So fast forward several years and we had finished and released Talkies, and a few months afterwords Hancock released his solo EP “Cognitive Dissonance” under the moniker Above the Clouds.  At the beginning of 2008 I had moved to Montreal, and just following the release of Talkies, around October, I believe, Owel moved to Toronto.  During the few months following the release of Talkies and Owel moving, we had come up with the idea to write and record our follow-up EP.  The way it was going to work was that Owel and I would write and record our verses to a Madlib instrumental album, “Beat Konducta Vol. 5-6: A Tribute to…(Dil Cosby and Dil Withers Suite)”, I believe, and then Hancock was to build the instrumentals around the songs.  We wanted the album to have a more straight forward hip hop sound to it with that Hancock-twist, with our delivery, flows and cadences inspired by the emcees that inspired us as children.  Several tracks were written, yet none were recorded.  For a group that took a few years to put together a 10 track album, writing and recording an EP in four to five months was an audacious goal.

So that brings us to December (no Tarantino).  I had been going through a bit of a slump creatively, at least in terms of putting together a cohesive album.  I had been in Montreal almost two years and had nothing to show for it.  I had worked on a handful of tracks with Corboe, Owel’s roommate and the other half of the group Dream Jefferson, under the working title Ill O’Reilly.  We created some really good music, in my opinion, however it was a long and drawn out creative process as  Corboe’s time was split between that, working on the official release of his album “Take Off Your Glasses”, Owel’s still-in-progress solo album “Songs for Dames”, and live shows and the soon-to-be-released “Sasquatch Bury Their Dead” with Owel as Dream Jefferson.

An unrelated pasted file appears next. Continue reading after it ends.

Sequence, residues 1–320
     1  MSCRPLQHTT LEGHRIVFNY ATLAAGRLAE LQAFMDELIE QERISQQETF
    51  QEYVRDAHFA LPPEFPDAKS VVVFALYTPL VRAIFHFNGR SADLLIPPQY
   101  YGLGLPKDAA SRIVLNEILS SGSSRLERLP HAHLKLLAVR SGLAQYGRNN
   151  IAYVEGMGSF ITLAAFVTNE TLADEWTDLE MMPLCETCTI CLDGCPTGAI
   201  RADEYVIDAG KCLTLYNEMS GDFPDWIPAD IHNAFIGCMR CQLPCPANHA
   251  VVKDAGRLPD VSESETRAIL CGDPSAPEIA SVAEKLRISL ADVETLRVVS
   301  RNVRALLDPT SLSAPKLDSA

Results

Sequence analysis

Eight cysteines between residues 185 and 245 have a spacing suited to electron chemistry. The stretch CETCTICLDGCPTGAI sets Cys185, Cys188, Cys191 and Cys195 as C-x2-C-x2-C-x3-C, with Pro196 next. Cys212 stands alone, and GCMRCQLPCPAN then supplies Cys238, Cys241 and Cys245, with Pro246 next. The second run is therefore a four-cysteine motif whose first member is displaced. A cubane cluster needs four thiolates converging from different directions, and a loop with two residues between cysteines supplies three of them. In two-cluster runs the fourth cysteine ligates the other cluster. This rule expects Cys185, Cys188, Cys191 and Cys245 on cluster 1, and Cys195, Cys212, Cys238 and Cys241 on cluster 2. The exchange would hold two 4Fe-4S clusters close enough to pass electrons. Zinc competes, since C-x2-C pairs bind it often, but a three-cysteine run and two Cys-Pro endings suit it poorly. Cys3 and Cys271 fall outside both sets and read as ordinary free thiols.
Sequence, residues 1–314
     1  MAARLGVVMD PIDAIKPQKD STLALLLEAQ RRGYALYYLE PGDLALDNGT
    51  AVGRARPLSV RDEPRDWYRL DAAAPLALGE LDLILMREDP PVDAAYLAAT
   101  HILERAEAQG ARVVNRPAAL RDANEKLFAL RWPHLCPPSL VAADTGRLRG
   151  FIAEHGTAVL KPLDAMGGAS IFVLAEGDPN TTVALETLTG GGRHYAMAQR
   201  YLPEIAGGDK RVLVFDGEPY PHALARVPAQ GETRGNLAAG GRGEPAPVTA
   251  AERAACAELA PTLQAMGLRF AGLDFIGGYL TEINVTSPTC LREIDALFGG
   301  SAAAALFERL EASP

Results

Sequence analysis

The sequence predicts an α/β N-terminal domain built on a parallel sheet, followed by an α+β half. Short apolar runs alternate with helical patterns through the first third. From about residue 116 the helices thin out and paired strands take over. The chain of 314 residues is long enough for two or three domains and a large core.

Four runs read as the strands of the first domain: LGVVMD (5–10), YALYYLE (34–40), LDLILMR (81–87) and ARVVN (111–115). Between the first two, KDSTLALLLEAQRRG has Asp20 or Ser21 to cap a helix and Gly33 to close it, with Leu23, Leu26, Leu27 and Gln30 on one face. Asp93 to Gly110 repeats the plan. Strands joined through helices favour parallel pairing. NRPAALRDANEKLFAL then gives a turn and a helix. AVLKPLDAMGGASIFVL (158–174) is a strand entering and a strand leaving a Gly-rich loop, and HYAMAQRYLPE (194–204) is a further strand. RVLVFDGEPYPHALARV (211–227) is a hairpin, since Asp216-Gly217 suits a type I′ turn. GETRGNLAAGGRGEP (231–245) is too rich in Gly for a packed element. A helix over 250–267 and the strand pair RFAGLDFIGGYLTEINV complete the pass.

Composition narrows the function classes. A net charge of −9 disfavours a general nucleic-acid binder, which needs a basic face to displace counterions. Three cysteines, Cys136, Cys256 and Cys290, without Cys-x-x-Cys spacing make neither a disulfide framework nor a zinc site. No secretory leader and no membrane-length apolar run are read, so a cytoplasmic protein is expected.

Hancock first came up with the idea to do an EP along the same lines of the defunct Kwiz EP (more straightforward hip hop, with our twist) and to streamline the process creatively.  He was going to make several basic loops and send them to me, and I was to write  an album’s worth of lyrics for it.  This was around Christmas, and I had a week and a half off of work.  Usually for Christmas I would go back to Ottawa and spend the week and a half catching up with friends and family, but the only thing I could think about was this project.  I went back for Christmas, spent it with the family, and then headed back to Montreal, knowing I would have the apartment to myself for a week with my girlfriend being in Ottawa visiting her family.  I spent the next week working feverishly on lyrics for the album, with the final touches being put on the lyrics by the end of January.